The Salmon Farm Monitor
'Northern Climes, September 2004'
One of the world’s great hotels, Gleneagles, venue for the next G8 summit, has been pretending to customers that diners ordering salmon are served “Tay salmon”, wild fish caught from the River Tay. Given that it is an offence to buy or sell rod and line caught salmon in Scotland, and that there are no netting stations in the river, Gleneagles was either breaking the law or being disingenuous with the truth about where its salmon came from.
After pondering the problem for a few weeks, the offending statement disappeared from the Gleneagles website, but the hotel menus still remain reluctant to tell diners whether or not the salmon on their plates is wild or farmed. Are they ashamed to admit that they are dishing up artificial fish that have spent their entire lives swimming around amidst their own filth?
Meanwhile, anglers should hurry along to fish the Balmoral Beats of the River Dee where HM Queen’s agents are offering free farm salmon – provided that they put back any wild fish they catch. The objective is said to be to preserve wild stocks, but it seems to have escaped the notice of Brenda’s advisors that by promoting farm salmon they are in fact speeding the demise of the real thing.
A principal reason for the decline in Dee wild stocks is that when young fish reach the sea for the first time there is nothing there for them to eat before something bigger eats them: the sand eels that used to sustain them have all been hoovered up to make into food for, er, farm salmon. It takes three tonnes of sand eels to produce one ton of farm salmon.
Anglers who accept such largesse should be aware that they are also getting, along with the fake fish, and also for free, a sprinkling if PCB’s, PBDE’s (chemical flame retardants), artificial colourants and, who knows, maybe even a little dash of the banned cancer-linked substance, malachite green?
The presence of PCB’s and PBDE’s in fake salmon has been identified by USA and Canadian researchers who studied 700 samples before reaching their conclusions. They have been branded by industry apologist Brian Simpson of ‘Scottish Quality Salmon’ as being “Another example of wealthy American anti-Scottish salmon farming campaigners [trying] to scare the public.” As we say in Scotland, ‘aye, right’.
Toxic loch on the Island of Lewis
These naughty old naturally occurring toxic algal blooms have been busy again, this time in Lewis in the Western Isles, where a loch has been declared a public health hazard because it is poisoned. Loch Ereray (OS Map 8, Stornoway & North Lewis, Scale 1:50,000 Grid reference 327506) is shallow, average depth 6ft, drains Loch Urrahag to the east of the A858 Carloway/Port of Ness road and exits into the sea by Sliegeag (Gd ref: 327509).
According to a report in The West Highland Free Press (30/07/04) Lewis anglers are ignoring warning signs posted round the loch advising people not to swim in the loch, drink the water, eat fish caught in the loch, or to let their dogs splash about there because of “serious concern” about “very high levels” of algal bloom.
The Scottish Environment Protection Agency (Seap) has a duty to care for water quality and when approached, they said that they didn’t really know why Loch Ereray had gone toxic. A Sepa official insisted, however, that the bloom was ‘naturally occurring’ and that a number of factors could be involved; including global warming, hot weather, crofters re-seeding fields and using nitrogen to encourage new grass growth.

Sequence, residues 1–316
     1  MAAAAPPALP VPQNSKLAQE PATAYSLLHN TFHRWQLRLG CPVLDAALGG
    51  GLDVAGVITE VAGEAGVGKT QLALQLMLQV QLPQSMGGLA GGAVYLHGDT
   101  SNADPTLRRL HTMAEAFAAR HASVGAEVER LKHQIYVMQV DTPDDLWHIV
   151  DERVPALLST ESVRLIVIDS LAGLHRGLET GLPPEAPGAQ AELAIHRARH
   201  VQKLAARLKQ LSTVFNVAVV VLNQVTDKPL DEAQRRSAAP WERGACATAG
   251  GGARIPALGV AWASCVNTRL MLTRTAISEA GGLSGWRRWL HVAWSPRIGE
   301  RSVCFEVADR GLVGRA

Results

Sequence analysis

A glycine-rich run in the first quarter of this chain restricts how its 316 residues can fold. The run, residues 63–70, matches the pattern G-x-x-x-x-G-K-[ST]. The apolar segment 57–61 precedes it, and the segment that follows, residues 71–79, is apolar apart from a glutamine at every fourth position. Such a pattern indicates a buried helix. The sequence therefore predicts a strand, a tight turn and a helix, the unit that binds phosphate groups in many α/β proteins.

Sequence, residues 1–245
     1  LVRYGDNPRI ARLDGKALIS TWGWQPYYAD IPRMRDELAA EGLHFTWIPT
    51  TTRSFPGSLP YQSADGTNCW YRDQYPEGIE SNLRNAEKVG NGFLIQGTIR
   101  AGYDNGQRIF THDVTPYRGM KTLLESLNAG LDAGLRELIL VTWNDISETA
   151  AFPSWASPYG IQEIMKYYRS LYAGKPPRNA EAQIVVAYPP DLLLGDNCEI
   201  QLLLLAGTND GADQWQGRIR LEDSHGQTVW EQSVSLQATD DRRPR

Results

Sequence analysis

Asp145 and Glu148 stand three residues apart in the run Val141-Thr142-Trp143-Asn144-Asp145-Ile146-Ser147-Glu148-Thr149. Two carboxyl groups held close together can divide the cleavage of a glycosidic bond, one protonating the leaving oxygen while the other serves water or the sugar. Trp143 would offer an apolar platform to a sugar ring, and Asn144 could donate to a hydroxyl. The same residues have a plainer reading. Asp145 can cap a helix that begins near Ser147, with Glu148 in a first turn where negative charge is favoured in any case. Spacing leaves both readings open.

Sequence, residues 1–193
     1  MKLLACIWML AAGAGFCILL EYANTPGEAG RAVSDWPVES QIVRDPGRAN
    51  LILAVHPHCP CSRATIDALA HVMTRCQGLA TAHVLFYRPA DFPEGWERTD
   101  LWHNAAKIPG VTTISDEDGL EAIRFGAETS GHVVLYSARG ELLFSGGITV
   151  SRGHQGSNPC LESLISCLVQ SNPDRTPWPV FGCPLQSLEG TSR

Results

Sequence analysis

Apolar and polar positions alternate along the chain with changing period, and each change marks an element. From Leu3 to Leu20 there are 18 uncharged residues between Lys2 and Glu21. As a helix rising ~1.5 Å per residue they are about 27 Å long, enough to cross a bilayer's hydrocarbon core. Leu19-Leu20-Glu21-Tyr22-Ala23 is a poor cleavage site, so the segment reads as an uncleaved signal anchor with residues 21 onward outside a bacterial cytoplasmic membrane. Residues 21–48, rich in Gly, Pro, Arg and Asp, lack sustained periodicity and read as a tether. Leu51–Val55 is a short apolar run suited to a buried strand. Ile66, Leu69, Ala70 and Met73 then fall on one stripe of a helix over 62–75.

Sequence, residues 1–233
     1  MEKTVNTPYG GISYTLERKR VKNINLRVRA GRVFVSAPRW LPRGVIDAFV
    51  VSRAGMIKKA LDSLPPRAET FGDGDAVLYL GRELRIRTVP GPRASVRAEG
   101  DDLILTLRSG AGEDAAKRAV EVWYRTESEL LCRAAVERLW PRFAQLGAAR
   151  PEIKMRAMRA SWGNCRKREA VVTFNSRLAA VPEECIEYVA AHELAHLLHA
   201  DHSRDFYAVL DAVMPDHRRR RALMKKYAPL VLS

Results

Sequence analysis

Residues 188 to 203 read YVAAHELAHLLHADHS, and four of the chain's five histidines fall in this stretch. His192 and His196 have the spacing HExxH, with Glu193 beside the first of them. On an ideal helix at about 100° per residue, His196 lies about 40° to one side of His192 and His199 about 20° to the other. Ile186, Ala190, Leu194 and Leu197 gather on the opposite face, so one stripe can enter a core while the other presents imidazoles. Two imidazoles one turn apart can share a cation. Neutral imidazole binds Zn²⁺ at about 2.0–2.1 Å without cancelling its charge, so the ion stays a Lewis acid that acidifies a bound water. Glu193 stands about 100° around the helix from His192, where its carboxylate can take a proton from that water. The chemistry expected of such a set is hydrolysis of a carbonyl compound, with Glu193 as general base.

What Sepa didn’t mention was the fact that there has been a salmon smolt rearing hatchery on the banks of the River Ereray for 20 years. When asked about this, Sepa immediately went on the offensive: “No, the hatchery is not involved. It has improved the quality of waste discharge into the river in recent years. They now treat their effluent. They have always conformed to the dictates of the discharge consent we approved.”
So, Sepa is asking us to believe that 20 years of discharges from the hatchery has had no affect whatsoever on water quality in the loch. Was Sepa examining any possibility that the hatchery might have been maybe partly responsible for the state of the loch? “We examine all possibilities, but I think that you can discount the hatchery.”
The situation on Loch Ererary mirrors a similar instance in Loch nam Brac near Scourie in North West Sutherland. Loch man Brac was the principal trout loch for the Scourie & District Angling Club, but in the mid 1990’s, it too was declared a public heath hazard; notices posted round the shore warning people not to drink the water, let pets swim, or eat any fish caught from the loch.
When Sepa was asked for an explanation, they said that it was difficult to ascertain the cause, but that it could be due to global warming, or because a crofter was feeding his half-dozen cows on the shores of the loch and that their ‘ablutions’ might have raised nutrient levels.
When asked about the salmon smolt rearing cages in the loch, - moored in the same position for 12 years - Sepa said that it was highly unlikely that they had had anything to do with the loch turning toxic: “Algal blooms are naturally occurring, you know,” a spokesman said.
The truth is that Sepa hasn’t single shred of peer-reviewed scientific evidence to substantiate their claim that toxic algal blooms are not associated with untreated waste discharged from fish farms. I believe that Sepa has to take this ridiculous stance for two reasons: firstly, the SE has told them to do so, and, secondly, if they admitted a link, then they could be prosecuted for improperly issuing discharge consents.